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Gun Range Etiquette

Gun Range Etiquette

Gun ranges are excellent places to practice and improve your shooting skills in a controlled environment and also to fellowship with other like-minded people who love guns/love shooting. The benefits of many ranges include the comfort of having well trained staff that can offer assistance with many things relating to guns. At a very good range they will have instructors with a broad knowledge on varying weapon systems, gun cleaning, troubleshooting, and general firearms safety. For a new shooter this expertise is invaluable to make sure that your time at the range is a safe and enjoyable one that will make you likely to return and even make shooting a lifelong hobby. Indoor gun ranges offer the convenience of a comfortable, climate-controlled environment with many having retail stores that make it easy to purchase items you may need. With all the comfort, convenience, and controlled atmosphere that gun ranges provide to patrons shooting is still an inherently dangerous activity. Shooting at a gun range requires a certain decorum from all patrons to make sure risk are minimized for everyone. Below I will dive deeper into a few points that are guidelines to adhere to when visiting a gun range.

1. Carry guns into range either holstered or in a gun case

Want to get your range day started off wrong, either by getting screamed at by the range staff or a visit to the hospital. At many gun ranges you will find the staff open carrying side arms for their personal protection and the defense of those patronizing the business. I can’t state enough how in this setting walking through the front door of a range with an unholstered/unbagged gun in your hand would be a stupid idea. For one it makes you look like a threat to everyone on the inside which may result in a gun or twelve being pulled on you. This is also a reckless safety violation. In the event of accidental discharge of that weapon at the very least there will be property damage, and the worst-case scenario a person is injured or killed.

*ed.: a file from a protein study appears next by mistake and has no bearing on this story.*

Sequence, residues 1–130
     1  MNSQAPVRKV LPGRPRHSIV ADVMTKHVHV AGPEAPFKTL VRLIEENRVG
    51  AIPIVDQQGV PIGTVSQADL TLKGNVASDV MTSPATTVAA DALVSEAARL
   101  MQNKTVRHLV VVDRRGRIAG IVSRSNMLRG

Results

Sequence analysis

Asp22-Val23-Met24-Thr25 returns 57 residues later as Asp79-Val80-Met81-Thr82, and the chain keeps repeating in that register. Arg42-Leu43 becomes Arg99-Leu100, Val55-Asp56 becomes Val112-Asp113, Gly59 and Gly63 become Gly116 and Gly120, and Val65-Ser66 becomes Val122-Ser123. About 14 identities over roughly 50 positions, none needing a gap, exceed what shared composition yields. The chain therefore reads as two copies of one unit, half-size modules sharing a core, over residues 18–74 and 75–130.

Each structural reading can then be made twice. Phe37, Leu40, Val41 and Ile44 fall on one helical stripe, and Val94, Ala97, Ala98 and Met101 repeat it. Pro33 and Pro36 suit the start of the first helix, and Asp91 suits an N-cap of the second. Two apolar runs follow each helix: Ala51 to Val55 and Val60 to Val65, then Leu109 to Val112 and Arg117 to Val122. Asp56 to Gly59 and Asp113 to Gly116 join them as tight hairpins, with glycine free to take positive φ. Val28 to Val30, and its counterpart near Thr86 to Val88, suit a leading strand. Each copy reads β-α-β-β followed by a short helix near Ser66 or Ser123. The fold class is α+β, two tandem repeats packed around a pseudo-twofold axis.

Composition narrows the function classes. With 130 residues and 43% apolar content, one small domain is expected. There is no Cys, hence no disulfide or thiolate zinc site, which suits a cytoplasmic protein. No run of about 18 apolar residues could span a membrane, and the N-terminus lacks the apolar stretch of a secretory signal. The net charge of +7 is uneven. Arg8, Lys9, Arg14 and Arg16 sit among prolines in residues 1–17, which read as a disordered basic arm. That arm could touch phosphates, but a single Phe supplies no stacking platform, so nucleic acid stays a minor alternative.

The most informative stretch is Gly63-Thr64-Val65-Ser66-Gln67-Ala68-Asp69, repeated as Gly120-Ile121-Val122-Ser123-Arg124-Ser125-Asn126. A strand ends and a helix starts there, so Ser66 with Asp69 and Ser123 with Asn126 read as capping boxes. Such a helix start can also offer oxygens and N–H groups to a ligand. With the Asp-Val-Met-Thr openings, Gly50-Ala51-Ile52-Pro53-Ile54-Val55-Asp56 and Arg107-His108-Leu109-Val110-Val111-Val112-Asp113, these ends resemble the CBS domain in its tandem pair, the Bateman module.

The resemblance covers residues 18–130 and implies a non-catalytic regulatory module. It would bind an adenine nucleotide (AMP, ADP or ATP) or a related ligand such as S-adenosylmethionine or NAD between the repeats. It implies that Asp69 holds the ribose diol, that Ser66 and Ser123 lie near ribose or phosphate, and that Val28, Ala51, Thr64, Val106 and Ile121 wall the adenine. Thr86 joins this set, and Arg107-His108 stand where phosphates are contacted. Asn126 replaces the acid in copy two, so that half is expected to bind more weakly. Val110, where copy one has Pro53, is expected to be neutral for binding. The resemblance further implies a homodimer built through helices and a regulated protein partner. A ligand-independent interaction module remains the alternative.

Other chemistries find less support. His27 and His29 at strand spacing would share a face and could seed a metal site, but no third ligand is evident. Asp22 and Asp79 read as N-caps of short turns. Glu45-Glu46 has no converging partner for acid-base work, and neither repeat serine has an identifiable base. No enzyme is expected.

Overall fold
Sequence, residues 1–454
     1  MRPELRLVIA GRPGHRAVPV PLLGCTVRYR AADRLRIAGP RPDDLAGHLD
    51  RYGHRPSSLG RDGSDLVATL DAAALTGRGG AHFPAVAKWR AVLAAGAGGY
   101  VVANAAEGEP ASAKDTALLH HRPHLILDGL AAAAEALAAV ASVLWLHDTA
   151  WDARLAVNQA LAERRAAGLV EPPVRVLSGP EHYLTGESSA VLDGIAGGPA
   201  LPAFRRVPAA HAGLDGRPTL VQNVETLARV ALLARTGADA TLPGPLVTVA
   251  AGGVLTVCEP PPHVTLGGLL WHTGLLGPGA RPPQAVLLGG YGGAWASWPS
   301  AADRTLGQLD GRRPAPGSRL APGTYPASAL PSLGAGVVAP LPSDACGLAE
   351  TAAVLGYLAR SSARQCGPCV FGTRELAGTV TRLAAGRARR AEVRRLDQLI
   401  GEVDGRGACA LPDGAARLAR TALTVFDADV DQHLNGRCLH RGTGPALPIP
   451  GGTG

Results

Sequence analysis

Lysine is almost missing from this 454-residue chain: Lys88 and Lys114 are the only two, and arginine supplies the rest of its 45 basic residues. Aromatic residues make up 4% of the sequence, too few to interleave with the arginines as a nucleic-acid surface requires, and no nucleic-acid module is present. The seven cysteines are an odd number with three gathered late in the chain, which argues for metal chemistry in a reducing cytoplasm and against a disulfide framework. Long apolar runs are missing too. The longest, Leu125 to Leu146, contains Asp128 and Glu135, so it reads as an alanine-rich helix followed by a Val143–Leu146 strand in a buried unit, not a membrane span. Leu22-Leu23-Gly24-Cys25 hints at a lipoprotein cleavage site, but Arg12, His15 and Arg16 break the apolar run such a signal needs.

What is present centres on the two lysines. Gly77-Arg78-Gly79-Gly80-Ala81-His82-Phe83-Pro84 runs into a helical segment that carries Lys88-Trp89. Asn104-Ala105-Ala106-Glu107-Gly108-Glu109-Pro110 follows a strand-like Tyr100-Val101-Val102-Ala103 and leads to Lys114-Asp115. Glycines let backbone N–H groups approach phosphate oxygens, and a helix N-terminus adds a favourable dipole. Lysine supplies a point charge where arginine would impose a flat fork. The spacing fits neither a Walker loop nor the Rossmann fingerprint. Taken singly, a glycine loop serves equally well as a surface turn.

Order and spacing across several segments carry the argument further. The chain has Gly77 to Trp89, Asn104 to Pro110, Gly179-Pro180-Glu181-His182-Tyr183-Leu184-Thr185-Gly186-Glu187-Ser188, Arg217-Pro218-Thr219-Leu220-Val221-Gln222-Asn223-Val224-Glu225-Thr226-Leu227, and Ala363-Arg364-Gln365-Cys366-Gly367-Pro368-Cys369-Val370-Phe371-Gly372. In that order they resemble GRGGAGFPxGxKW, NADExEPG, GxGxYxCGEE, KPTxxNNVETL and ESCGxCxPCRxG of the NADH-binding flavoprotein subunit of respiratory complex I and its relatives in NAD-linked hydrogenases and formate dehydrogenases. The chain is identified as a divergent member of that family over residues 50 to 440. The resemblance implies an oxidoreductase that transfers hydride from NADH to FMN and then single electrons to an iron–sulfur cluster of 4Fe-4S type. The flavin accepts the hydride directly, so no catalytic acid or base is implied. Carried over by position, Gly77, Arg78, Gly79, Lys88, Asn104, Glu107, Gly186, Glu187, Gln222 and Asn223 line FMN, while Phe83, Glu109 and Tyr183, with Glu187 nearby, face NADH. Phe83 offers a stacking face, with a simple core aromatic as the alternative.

2. Never go to gun range if you have partaken of alcohol or any other intoxicant

Shooting a gun is an activity that requires upper-level thinking skills and awareness of one’s surroundings. It is an extreme risk to the shooter and all those around them if they are impaired in any capacity. Being intoxicated increases the risk for firearms accidents ten-fold. Not to mention it being a safety hazard, it is unlawful. Even if all you had is one beer, go shooting some other time, it’s not worth the risk.

3. Shoot only ammunition and weapons approved for use at that particular range

Many times indoor ranges have restriction on both the type of ammunition and also the caliber of weapon that can be safely shot at their range. Please adhere to their guidelines, it’s for a reason. One of the biggest pet peeves is people sneaking in steel core ammunition to shoot. Steel core/steel case ammo is tempting to buy and shoot for practice because for the most part it is a cheaper ammo to buy compared to brass. Ranges generally don’t want you shooting the steel stuff indoors for 2 reasons. Reason one is that many ranges collect the spent brass casings and reload/resell ammo and make a profit. You can imagine it might be a bit of a pain to sift through thousands of brass casings to pick out steel cases that are less cost effective to reload and resell. Steel core ammo on the other hand creates a safety issue in that it is more likely to ricochet especially when shooting steel or other hardened targets. For obvious reasons a hot piece of metal indeterminately bouncing around the range at high speed will definitely increase the butt pucker factor. Ranges also often impose limitation on what caliber weapon can be shot while on site. This has to do with what their target backstop is rated to be able to withstand. No one wants a weapon to be fire that creates projectile muzzle velocities so high that the backstop is not effective in safely capturing the round.